Some time ago, I was re-watching the movie “Midway.” Six months after the Japanese bombed Pearl Harbor, they were trying to set a trap for the US Navy and destroy it. The American commanders actually set a trap of their own and the highly outnumbered US forces won a decisive victory. I am always humbled by the selfless and heroic efforts made by the World War II generation. They sacrificed their lives for something they believed was bigger than them. They knew the value of family; the power of God; and that life and liberty was foundational to being an American, and it was worth fighting for. They were defined by their courage and character, their dedication to what was right and good.
For me, Memorial Day was always a solemn day first, and a day of great celebration second. Growing up, our 4-H horse club always participated in the Memorial Day Parade that wound through Rootstown, Ohio and ended up at the cemetery. There, we faced the graves of those who served their country, many who died that we might live free. Our horses were to stand at attention, and we were to sit on them, also at attention, our hats removed, as the speakers honored America’s finest. Afterwards, we would load up the horses and head back to the farm, where we had a cookout, usually with Warren and Sue McCarthy, Gene and Betty Flynn, Bob and Doris Harris and their families.
Warren and Gene served on D-Day. They survived it. And they were decorated war heroes. Not much of what they did was ever discussed. But you somehow knew that they were special. My dad, who was a farmer during the war, was best friends with these men. He knew what went on, but would never say. They were among the finest men I knew growing up. My uncle Bob Harris served in the Philippines. There were times when he had flashbacks. My dad would get a call from my aunt and he would find Uncle Bob, talk him down and hold him until the terror passed. He, too, was a decorated hero. All these men knew the price of freedom and they understood their civic duty to their families, their God and their country.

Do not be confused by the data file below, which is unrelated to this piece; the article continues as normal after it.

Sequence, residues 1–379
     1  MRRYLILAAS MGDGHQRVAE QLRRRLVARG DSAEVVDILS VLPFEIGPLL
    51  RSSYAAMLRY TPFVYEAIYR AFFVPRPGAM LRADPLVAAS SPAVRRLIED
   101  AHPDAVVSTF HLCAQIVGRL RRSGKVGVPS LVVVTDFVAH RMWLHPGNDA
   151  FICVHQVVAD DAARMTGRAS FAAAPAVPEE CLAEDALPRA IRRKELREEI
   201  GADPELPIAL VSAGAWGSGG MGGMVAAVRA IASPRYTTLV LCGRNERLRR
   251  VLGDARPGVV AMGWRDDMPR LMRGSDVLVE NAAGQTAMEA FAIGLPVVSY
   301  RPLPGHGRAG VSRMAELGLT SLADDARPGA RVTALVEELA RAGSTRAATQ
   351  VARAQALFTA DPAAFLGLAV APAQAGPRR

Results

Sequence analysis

I’m sure you have stories as well about the brave men and women who served in our nation’s armed forces. President Ronald Reagan remembered veterans in his speech May 26, 1986. He said, “If we really care about peace, we must stay strong. If we really care about peace, we must, through our strength, demonstrate our unwillingness to accept an ending of the peace. We must be strong enough to create peace where it does not exist and strong enough to protect it where it does.” To me, there will never be peace on earth until the Lord returns. Jesus said, however, in Matthew 5:9, “Blessed are the peacemakers: for they shall be called the children of God.” Many have sacrificed themselves that we may have peace and freedom. Let us honor their deeds.